A slow website is bad news, right?
Not only can it be incredibly irritating, but it also has a huge impact on user experience. This is also true of IoT devices — especially with the number of new ones flooding the market.
As a result, SMEs and large companies have to reevaluate and reconsider the implications of their device connections and ensure they have low latency IoT devices.
In this blog post, we’ll delve into the importance of latency in the world of IoT and offer you some practical tips for ensuring a better user experience, creating higher-performing products, and, ultimately, enabling the full potential of an IoT device. Let’s get into it.
Watch the video above to get a quick overview of the importance of latency.
Fast Connections Are Key to a Better User Experience
Want to improve user experience? The first thing you’ve got to know is that we all have a need for speed.
So, how fast is fast enough? Actually, just a fraction of a second. Research has shown that the response time that makes us feel as though our actions are directly causing something to happen when we click on a user interface is only 0.1 seconds.
This is what that looks like in practice. Say you’re clicking to expand a menu on a website. That menu needs to expand in less than 0.1 seconds to make you feel like your action made it happen. If it’s any slower, you’re likely to feel like it’s the computer deciding to expand the menu, not you.
As you can see, whether it’s exploring a website or sending data between IoT devices, you need to ensure you’re making these processes as fast as possible. Otherwise, users will be ditching your product in 0.2 seconds.
Low Latency In Direct IoT Connectivity (It’s More Important Than You Think!)
Low latency might not be top on your priority list. However, in several IoT use cases, low latency is an extremely important part of both the user experience and unlocking the potential of an IoT device.
Not convinced? Here’s an example of why low latency IoT devices are super important. Say you want to unlock a door via your smartphone. Imagine you want to let a person in remotely, maybe your child has forgotten their key (again…). In this scenario, you want the lock to open as soon as you tap the screen, not several seconds or minutes after. If there is high latency in your IoT connection, it can be hard to manage and could leave your child stuck on the doorstep.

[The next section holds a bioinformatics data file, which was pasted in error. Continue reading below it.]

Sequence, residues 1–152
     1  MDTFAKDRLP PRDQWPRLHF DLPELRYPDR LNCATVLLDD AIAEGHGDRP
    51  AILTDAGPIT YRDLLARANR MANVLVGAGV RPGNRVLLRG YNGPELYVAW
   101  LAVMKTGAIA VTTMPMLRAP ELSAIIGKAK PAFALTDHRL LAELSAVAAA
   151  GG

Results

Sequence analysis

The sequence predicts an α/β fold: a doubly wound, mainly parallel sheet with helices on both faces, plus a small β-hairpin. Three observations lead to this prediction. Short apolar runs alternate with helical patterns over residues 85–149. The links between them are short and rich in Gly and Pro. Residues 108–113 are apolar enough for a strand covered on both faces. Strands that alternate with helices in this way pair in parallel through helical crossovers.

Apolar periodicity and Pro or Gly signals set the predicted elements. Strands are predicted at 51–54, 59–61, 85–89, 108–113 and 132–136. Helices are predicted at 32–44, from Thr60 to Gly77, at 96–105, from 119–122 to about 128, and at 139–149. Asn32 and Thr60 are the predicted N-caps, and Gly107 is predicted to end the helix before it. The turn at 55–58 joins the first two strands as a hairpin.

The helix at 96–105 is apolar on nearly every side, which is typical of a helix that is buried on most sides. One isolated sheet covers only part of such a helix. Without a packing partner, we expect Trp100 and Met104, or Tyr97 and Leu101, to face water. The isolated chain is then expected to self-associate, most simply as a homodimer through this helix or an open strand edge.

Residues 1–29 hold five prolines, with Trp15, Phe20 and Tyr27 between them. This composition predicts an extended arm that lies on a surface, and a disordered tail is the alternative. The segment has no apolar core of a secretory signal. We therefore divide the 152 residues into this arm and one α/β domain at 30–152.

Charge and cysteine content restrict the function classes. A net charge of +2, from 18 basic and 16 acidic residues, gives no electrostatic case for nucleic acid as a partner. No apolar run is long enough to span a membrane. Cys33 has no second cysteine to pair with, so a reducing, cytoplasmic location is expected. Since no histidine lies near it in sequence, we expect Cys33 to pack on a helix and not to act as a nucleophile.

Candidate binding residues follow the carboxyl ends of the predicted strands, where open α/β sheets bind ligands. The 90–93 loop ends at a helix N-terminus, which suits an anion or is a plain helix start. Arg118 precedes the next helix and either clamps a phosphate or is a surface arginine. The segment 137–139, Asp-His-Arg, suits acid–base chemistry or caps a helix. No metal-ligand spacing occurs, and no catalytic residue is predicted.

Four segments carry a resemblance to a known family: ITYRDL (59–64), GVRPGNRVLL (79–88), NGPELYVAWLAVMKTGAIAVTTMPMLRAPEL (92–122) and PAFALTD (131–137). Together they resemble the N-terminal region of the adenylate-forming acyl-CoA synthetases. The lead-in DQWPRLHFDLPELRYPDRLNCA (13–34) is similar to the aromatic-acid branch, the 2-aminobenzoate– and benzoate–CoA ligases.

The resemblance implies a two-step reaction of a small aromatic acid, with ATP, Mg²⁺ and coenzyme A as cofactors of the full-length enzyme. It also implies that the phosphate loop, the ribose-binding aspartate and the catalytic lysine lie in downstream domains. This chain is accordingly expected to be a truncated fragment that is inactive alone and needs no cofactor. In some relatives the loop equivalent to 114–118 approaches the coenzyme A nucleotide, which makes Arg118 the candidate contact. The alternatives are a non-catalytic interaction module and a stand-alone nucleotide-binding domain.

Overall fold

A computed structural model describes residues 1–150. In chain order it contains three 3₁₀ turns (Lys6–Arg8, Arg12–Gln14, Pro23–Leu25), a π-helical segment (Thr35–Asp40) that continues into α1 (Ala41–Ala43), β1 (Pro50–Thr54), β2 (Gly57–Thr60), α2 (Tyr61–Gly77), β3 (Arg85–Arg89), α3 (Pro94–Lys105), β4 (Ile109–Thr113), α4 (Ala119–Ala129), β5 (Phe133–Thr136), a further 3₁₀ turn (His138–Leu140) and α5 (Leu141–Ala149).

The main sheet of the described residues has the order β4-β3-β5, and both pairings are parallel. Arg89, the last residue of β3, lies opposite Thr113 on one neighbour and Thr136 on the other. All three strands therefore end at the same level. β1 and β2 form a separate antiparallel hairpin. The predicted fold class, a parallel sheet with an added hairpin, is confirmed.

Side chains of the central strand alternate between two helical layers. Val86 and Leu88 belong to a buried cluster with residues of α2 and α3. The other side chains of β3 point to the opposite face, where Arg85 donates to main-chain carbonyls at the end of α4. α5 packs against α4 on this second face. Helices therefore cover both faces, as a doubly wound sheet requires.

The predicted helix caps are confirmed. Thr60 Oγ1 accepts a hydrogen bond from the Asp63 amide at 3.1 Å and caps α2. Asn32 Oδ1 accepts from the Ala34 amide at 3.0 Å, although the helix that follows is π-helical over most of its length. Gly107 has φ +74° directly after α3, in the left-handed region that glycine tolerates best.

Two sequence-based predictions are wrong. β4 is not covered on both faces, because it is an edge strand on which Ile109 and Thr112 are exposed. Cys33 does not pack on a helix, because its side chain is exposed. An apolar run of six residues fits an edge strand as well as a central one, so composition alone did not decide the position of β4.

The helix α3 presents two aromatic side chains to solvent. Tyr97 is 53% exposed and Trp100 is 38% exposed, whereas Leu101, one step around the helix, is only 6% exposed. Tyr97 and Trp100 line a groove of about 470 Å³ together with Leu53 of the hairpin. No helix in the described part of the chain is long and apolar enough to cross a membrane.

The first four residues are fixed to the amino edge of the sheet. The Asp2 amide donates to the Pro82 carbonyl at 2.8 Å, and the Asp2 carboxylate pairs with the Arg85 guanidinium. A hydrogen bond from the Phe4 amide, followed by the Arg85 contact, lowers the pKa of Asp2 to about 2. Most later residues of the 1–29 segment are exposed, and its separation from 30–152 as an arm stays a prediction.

When it comes to unlocking the full potential of an IoT device, let’s look at a surveillance camera with PTZ control. PTZ stands for Pan-Tilt-Zoom. Low latency IoT connectivity makes controlling a PTZ smoother and easier. On the flip side, if the latency is over 100ms, camera movements become out of sync with the user’s control. Moreover, the user will start to “overshoot” the target as they fail to stop movement commands.
The graphic below shows what fast and direct IoT connectivity with low latency looks like:
How Can You Ensure Low Latency in IoT Devices?
A way of ensuring low latency in IoT devices is by creating direct connectivity between an end-user client (such as an app on a mobile device or a computer) and an IoT device.
This is also known as peer-to-peer (P2P) connectivity. The user’s commands to the IoT device, streaming of video, or transfer of large amounts of data are shared in a direct communication infrastructure with no influence of a third-party server.
The alternative is to connect to an IoT device by sending commands or data through the cloud. User familiarity with the cloud makes this seem like a good idea. However, in some cases, data and commands are stored on the server database before they’re transmitted to the end-user. This is shown to have an effect on latency. How much of an effect? Well, in these database-driven IoT solutions, data and commands can sometimes take more than five seconds to send.
P2P connectivity is otherwise known as a decentralized IoT Application Enablement Platform (AEP). It alternative is known as a “traditional” AEP solution (e.g. Microsoft Azure or AWS IoT). Here’s a visual representation of what sending data via each of these looks like:
Here at Nabto, our IoT platform uses P2P connectivity to decentralize data processing and storage. This ensures low latency and removes many of the security and privacy challenges posed by the cloud and cloud-based AEPs.
Bottom Line: Low Latency Unlocks IoT Devices Full Potential
As you can see, low latency ensures the best user experience in many IoT scenarios. You can guarantee this for your users by heeding our advice and using direct P2P connectivity.
Read Our Other Resources
We’ve also published a range of IoT resources for our community, including:
- How to Overcome IoT Security & Privacy Challenges, which provides an overview of keeping your customers’ data safe and private in the world of IoT.
- Buying versus building an IoT platform, which discusses how to choose the best option for you.
- Our guide on >how to Develop IoT Apps and what platforms you can use.
- A Comparison of IoT Protocols for Developers will help you find the perfect protocol for your device.
- Find the right microcontroller by reading our Complete Guide to Microcontrollers for IoT.